Hanover (Man)

Hanover, Manitoba, incorporated as a rural municipality in 1881, population 14 026 (2011c), 11 871 (2006c). The Rural Municipality of Hanover is located southeast of Winnipeg, encompasses the communities of Blumenort, Grunthal, Kleefeld, Mitchell, New Bothwell, Randolph and Sarto.

Hanover, Manitoba, incorporated as a rural municipality in 1881, population 14 026 (2011c), 11 871 (2006c). The Rural Municipality of Hanover is located southeast of Winnipeg, encompasses the communities of Blumenort, Grunthal, Kleefeld, Mitchell, New Bothwell, Randolph and Sarto. The town of STEINBACH is no longer part of the rural municipality although the municipal office is located there.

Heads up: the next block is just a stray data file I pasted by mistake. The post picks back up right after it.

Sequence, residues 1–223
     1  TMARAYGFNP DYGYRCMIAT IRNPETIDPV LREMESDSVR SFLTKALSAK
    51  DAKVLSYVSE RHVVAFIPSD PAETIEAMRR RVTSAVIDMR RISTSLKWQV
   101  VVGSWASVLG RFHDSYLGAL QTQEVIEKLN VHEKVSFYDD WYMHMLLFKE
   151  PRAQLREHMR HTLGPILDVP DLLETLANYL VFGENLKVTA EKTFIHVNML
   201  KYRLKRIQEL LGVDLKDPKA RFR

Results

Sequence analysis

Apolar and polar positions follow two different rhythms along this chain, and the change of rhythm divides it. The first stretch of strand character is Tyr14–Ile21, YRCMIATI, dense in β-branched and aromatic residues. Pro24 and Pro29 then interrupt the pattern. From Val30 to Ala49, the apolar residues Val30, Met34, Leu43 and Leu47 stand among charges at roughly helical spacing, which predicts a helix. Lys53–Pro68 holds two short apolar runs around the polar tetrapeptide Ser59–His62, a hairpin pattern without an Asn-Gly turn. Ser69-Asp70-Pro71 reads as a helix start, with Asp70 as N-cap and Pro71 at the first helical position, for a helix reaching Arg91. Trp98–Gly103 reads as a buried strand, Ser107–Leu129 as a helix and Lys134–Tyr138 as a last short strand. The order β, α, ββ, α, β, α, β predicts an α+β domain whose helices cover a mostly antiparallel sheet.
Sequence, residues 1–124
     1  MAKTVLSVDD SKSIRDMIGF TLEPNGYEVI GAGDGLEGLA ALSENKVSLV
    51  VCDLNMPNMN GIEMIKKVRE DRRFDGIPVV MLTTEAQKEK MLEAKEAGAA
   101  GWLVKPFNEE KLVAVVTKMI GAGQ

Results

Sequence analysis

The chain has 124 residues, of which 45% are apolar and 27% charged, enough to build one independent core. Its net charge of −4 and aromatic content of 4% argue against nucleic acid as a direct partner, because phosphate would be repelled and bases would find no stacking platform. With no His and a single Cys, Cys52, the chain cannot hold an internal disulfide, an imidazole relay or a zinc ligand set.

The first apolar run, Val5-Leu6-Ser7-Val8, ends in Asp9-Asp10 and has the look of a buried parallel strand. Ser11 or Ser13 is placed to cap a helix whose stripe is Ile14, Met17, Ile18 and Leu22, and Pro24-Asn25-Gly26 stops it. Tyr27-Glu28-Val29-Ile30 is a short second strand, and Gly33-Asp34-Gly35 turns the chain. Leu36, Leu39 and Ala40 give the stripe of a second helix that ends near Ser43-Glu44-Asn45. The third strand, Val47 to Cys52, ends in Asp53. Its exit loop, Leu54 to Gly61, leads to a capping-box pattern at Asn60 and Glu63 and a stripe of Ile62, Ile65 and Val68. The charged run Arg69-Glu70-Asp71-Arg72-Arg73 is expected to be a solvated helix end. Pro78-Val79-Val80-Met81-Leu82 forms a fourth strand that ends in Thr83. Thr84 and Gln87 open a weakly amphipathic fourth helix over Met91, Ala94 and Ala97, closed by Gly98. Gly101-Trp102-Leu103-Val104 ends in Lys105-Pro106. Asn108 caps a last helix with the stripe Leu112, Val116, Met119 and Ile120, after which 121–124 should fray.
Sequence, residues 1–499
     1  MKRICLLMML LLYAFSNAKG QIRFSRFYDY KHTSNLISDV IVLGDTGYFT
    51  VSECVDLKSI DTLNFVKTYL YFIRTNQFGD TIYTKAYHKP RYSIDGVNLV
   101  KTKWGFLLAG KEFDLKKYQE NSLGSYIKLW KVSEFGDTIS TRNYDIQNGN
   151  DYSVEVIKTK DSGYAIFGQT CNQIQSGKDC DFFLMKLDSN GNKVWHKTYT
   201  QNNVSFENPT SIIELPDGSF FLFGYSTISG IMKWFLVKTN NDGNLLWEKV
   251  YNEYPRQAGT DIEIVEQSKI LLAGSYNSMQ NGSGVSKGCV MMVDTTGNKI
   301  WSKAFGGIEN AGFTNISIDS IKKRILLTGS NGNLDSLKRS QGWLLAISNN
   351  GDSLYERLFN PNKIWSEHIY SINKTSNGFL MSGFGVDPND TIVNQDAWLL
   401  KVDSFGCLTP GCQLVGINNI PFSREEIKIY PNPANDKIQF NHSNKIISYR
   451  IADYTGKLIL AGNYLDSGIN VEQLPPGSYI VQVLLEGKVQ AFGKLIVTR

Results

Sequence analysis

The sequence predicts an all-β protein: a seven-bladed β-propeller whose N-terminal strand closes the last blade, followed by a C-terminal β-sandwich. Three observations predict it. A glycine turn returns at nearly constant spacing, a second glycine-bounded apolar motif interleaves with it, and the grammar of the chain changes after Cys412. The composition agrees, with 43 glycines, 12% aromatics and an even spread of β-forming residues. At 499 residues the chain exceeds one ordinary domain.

History

Hanover includes land set aside in 1873 as the East Reserve for MENNONITES from southern Russia. Several hundred families arrived in the 1870s and organized self-governing agricultural villages. A second influx in the 1920s followed the Russian Revolution. Difficult farming conditions, disagreements with provincial education policies, and secular influences on the Mennonite way of life caused some of these settlers to move away. Anglo-Saxon, French Canadian, German Lutheran, Ukrainian and Polish settlers also helped build the rural municipality's communities.

Economy

Soil and drainage conditions encouraged a diversified agriculture - special crops, livestock, poultry, dairying and cereal grains. Blumenort is a Manitoba poultry centre; Grunthal, a dairy and milk products centre. Kleefeld is known for its beekeeping; New Bothwell for its cheddar cheese; the Steinbach area for cash crops and poultry. Business in the rural municipality mostly serves local markets. Of late several Hanover communities have become locales for commuters who wished to combine urban employment with rural homes and life-styles.


Further Reading

  • L. Penner, Hanover: One Hundred Years (1982).